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possession of persons under its jurisdiction.
The U.S. Government will
then compensate India for the material at currı nt domestic prices.
The following terms are defined in the Agreement: U.S.
Commission, Tarapur Atomic Power Station, equipment and devices, per
sons, reactor, atomic weapon, special nuclear material, source material,
parties, and reliable full power operation.
The United Kingdom
The agreement for nuclear power cooperation with
the United Kingdom is shorter and less detailed than that with India. Its
principal provisions follows.
The Parties agreed to assist each other in furthering the use
of atomic energy for civil power applications, including merchant marine
propulsion, subject to the availability of personnel and material, applicable laws, directives, regulations and license requirements in force in their re
spective countries. The assistance is to be on a reciprocal basis.
Restricted data and privately owned information are not to be com
municated under the Agreement.
The Parties are to exchange general in
formation on the development of atomic energy for civil power applications, Detailed and applied information in this field are to be exchanged to such
an extent and under such terms and conditions as may be agreed.
of any exchanged information or materials is the responsibility of the receiv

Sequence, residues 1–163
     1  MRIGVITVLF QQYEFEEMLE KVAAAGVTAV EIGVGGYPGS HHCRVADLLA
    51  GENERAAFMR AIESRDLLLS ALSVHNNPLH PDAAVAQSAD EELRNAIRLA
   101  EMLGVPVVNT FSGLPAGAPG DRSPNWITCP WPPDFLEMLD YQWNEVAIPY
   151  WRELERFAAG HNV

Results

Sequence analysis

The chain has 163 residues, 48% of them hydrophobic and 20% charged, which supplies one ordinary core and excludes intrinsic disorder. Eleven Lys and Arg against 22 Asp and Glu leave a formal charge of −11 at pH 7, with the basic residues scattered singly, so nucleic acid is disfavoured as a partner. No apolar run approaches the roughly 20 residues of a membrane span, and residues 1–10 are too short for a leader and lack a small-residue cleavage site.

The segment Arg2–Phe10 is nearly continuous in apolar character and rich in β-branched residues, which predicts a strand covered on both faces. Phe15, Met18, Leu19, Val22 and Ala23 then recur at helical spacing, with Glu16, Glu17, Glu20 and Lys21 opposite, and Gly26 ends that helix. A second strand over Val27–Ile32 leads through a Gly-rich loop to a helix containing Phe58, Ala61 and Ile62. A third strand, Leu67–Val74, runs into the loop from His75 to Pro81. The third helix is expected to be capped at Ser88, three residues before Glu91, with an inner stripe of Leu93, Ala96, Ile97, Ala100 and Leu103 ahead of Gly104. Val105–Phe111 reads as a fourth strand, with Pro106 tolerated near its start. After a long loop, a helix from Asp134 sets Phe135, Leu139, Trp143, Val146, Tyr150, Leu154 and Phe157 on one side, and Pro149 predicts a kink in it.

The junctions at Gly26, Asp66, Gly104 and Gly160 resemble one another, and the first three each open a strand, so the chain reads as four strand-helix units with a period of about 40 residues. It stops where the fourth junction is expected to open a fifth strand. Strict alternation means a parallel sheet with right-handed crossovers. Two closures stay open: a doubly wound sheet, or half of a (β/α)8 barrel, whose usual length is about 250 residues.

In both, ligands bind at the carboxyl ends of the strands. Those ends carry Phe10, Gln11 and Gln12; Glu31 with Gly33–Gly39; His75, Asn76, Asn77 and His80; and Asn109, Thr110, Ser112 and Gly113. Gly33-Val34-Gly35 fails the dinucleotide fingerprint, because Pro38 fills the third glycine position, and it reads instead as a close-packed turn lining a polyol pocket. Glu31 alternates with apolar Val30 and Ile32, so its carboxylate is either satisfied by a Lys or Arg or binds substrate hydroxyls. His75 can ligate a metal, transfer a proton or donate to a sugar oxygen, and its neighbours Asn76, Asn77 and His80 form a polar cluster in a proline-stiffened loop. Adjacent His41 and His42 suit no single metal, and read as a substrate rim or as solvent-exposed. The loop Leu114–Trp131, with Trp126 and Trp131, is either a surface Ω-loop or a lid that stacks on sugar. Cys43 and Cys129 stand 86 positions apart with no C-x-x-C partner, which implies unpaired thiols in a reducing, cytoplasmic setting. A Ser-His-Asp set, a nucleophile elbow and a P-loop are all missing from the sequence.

ERDA is to sell agreed upon quantities of enriched U-235
for fueling reactors in the U.K. civil nuclear power programs, including
search and power. There are no U.S. inspection rights and no commitment for supplying information on materials quantities. However the guarantee provisions of each agreement commit the parties to safeguard classified transfers, where the word "safeguard" appears to mean physical protection
rather than the meaning in other agreements.
Neither agreement provides for the IAEA to apply safeguards.
Responsibility for information and materials
Both agreements contain the same provisions for responsibility for
information and materials as appears in the other agreements for research
Responsibility for safe handling of materials
Neither agreement contains the provision for safe handling of materials that appears in other agreements for research and power.
Both agreements provide guarantees by the parties to safeguard
transferred classified material, equipment, devices and classified informa
tion; not to use transferred items for atomic weapons, or research and de
velopment of atomic weapons, or any other military use; and not to transfer items to unauthorized persons or beyond the jurisdiction of the receiving
The Canadian agreement ties the first guarantee to security safeguards and standards prescribed by the separate security arrangements be
tween the AEC and the Atomic Energy Control Board of Canada. The United
Cooperation by Persons - Arrangements may be made between ei
ther Party or authorized persons under its jurisdiction and authorized persons under the jurisdiction of the other Party for the transfer of materials,
etc. subject to limitations in this Agreement.
The Parties agreed to request the IAEA to assume re
sponsibility for applying safeguards to materials transferred.
In the event the Parties did not reach a mutually satisfactory agree
ment on the trilateral, either Party by notification, could terminate the
In the event of termination, the United Kingdom would at the
United States' request, return all special nuclear material received and still
in its possession or in the possession of persons under its jurisdiction. The United States would compensate the United Kingdom for its interest in these
material at current domestic prices.
Guarantees - Both Parties guaranteed that: